Can A School Be Bully Free?
The U-S Department of Health and Human Services defines bullying as “unwanted, aggressive behavior among school-aged children that involves a real or perceived power imbalance. The behavior is repeated, or has the potential to be repeated, over time. Bullying includes actions such as making threats, spreading rumors, attacking someone physically or verbally, and excluding someone from a group on purpose.”
An educator and a counselor in Tulsa want to create a school that’s bully-free.
Anyone can be a victim of bullying. Numbers from the National Center for Education Statistics breakdown the specific targets of school bullying:
- Homophobic bullying
- Bullying of students with disabilities
- Racist bullying targets people of a specific race or cultural.
- Religious bullying targets people who have specific religious beliefs.
Bullying can be addressed through federal laws concerning harassment. Schools are legally obligated to address it as such and Oklahoma is a state that employs both law and policy against bullying. Even with such checks in place, bullying will still occur.
Its regularity surprises educator and Choctaw Nation member C.C. Lawhon.
“I was having to home school them [students] in order to get them to where they could go to a high school and survive the bullying,” Lawhon said.
Lawhon found some bullying victims don’t necessarily fall into a neatly-defined category.
“My kids ranged from really popular girls that you would think would be completely, uh, fitting in just fine but for some reason were getting attacked by the mean girls, so to speak,” Lawhon said. “I have several Asperger's children and they were not being served. They are so smart, their IQ's were off the charts but they were different socially and even the teachers were bullying these guys.”
Through a chance meeting at a radio station Lawhon met a school counselor who was seeing the same patterns of bullying, and wanted to do something about it.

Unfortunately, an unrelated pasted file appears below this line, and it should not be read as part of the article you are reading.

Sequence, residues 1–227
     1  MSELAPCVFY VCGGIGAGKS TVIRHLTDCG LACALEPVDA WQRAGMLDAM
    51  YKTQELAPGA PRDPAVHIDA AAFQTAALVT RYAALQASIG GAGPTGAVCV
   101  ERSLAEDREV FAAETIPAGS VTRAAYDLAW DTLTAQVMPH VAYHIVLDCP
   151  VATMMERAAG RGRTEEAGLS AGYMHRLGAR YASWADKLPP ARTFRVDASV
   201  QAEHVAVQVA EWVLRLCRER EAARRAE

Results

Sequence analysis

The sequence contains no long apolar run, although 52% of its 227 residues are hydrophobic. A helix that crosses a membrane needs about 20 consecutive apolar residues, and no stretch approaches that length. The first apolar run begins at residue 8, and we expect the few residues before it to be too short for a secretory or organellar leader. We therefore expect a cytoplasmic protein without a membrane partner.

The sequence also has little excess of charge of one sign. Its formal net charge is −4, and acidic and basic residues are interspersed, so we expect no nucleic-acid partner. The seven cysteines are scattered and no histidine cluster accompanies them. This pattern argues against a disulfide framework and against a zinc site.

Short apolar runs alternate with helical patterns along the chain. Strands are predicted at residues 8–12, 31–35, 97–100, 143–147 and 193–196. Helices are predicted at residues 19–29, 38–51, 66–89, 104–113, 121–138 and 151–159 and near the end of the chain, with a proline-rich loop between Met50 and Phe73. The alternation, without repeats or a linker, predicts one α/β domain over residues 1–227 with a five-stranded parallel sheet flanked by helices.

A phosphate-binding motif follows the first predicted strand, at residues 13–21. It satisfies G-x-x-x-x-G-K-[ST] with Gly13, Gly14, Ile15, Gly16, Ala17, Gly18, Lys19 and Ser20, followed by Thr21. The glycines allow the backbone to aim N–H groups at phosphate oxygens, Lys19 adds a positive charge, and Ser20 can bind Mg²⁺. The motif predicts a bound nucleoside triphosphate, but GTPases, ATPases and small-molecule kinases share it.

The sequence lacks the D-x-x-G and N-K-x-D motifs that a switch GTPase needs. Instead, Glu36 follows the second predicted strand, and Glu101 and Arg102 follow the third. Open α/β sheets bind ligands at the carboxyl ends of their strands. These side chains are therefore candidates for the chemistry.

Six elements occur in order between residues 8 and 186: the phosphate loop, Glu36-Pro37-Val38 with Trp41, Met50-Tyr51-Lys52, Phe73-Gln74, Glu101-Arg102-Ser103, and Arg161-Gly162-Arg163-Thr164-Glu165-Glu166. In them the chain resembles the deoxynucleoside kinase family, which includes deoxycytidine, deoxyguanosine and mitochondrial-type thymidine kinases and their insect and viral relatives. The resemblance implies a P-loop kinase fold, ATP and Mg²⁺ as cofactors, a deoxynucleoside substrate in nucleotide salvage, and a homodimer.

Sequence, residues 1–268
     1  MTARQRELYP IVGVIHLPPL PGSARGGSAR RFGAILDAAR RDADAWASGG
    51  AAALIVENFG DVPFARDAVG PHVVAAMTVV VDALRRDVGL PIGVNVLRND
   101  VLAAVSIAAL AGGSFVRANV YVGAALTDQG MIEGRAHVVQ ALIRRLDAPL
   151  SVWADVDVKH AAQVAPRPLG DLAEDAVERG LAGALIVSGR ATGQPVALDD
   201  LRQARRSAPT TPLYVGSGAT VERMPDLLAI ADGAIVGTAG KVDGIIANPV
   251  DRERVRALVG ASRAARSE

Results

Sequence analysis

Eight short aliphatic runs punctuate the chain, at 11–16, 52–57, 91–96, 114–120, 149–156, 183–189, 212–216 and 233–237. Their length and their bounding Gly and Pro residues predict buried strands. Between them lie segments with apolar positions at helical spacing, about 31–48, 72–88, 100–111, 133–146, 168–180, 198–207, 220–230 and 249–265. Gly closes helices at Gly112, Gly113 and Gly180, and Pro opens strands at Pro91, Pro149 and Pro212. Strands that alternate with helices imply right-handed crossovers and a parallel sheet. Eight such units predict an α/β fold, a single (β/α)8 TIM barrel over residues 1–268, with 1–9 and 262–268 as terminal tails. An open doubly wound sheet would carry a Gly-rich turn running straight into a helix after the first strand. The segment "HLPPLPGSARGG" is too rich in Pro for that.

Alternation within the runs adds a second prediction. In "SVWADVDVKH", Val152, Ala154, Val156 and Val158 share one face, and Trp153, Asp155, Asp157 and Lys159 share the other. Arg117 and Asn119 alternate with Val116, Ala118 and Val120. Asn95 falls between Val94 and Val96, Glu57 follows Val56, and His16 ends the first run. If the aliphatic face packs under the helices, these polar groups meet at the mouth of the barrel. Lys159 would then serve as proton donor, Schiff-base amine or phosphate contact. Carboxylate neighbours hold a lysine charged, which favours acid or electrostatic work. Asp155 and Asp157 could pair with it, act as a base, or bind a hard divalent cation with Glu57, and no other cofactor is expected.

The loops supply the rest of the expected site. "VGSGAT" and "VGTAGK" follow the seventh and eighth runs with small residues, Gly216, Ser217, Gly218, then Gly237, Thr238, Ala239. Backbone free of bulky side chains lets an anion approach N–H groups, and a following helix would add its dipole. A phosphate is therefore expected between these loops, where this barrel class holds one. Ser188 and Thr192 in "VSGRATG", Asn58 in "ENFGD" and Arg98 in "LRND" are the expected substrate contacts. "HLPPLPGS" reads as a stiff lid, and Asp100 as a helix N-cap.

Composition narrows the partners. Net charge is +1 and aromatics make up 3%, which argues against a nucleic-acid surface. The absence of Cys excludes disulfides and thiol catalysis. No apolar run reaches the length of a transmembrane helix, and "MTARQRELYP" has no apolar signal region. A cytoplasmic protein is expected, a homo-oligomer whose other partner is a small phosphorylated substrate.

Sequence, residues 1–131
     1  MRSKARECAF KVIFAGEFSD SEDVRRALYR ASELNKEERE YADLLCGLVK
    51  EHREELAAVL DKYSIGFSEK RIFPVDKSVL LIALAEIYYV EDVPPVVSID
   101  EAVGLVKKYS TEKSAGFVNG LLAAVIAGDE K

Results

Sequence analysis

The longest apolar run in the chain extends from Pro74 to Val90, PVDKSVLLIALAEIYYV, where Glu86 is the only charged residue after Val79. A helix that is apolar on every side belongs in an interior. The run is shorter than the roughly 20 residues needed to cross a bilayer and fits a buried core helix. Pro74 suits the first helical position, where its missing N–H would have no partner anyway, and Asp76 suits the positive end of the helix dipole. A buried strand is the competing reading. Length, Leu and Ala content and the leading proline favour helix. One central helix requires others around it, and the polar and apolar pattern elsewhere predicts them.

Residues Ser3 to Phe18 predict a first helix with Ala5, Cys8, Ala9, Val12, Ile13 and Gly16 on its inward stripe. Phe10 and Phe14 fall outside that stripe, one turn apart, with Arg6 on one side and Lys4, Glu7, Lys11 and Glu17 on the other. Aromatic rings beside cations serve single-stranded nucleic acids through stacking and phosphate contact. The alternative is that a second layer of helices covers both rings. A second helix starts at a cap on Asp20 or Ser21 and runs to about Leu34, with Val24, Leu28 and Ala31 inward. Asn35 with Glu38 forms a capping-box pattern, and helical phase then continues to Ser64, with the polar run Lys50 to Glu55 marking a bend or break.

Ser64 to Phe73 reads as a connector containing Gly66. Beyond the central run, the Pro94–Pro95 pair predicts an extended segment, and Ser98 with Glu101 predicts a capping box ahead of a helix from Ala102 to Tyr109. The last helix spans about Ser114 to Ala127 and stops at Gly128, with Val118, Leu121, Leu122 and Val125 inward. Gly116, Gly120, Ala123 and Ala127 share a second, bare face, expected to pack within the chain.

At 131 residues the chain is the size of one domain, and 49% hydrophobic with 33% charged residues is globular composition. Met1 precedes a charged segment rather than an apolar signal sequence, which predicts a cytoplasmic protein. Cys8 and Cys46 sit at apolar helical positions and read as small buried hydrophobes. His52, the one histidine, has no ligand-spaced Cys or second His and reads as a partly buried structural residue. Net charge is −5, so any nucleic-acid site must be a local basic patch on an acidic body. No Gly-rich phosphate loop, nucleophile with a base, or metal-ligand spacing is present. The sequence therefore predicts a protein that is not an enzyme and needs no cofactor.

“Majik RavenHawk and I had, individually, began to look into starting a school here in Tulsa which would value diversity,” Lawhon said. “From her end she had noticed the LGBT (lesbian, gay, bisexual and transgender) suicide rate and it was just getting worse.”
“The native children were being bullied and treated differently and not encouraged to be themselves in the mainstream,” Lawhon said. “So with the cultures, she was coming at it from the cultures being squashed in order to survive in a public or private school in this area.”
Dr. Stephanie Fryberg testified before the Senate Committee on Indian Affairs in September of 2011 that the effects on native high school and college students who attended a school with a native mascot was a significant lowering of self-esteem and increased levels of anxiety and depression.
“On one hand, they're hearing at home from their elders how important it is to maintain this culture. On the other hand they so much as wear a beaded piece to school, and I'm just using that as one example that we ran into actually about a month ago, and the kids are making fun of them and the teachers are allowing it,” Lawhon said.
“So they are getting a double message and that's causing them a lot of difficulty internally. That's where we run into it being detrimental for these kids to be in schools with mascots,” Lawhon said. “It’s a joke. It’s supposed to be fun and it’s not serious and don't worry about and all of that, but it doesn't feel that way inside.”
RavenHawk is from the Tigua Pueblo. Working with Lawhon she found that the two of them together had the credentials to start an accredited school.
“I had initially started to get accredited with my school and now we're going to take that accreditation over to the new mission and new vision of Oklahoma Alliance Academy. We'll be accredited by the same group that accredited the Tulsa University's School for the gifted and talented.”
“Our next step will be to basically document everything. Get policies and procedures in place and then procure a building which, in this case, we are looking for a building in downtown Tulsa so it will provide a way for us to just walk out the front door for a field trip,” Lawhon said.
But it takes money to see an idea like this through.
“Of course our second biggest roadblock would be funding so that we are sure that we can fund my salary as headmaster and curriculum designer,” Lawhon said. “Majik will be executive director doing all the marketing, advertising, and enrollment.”
“Getting companies on board, getting other corporations, hopefully tribes and different groups of people that would like to see this go, that's going to be, I think, our biggest roadblock to getting to where we need to be,” Lawhon said.
“We need to get going so these kids can stop be bullied and get into an environment that will allow them to learn,” Lawhon said.
Lawhon said the Oklahoma Alliance Academy, a school that would embrace diversity and be bully free, is set to open in Fall of 2015.
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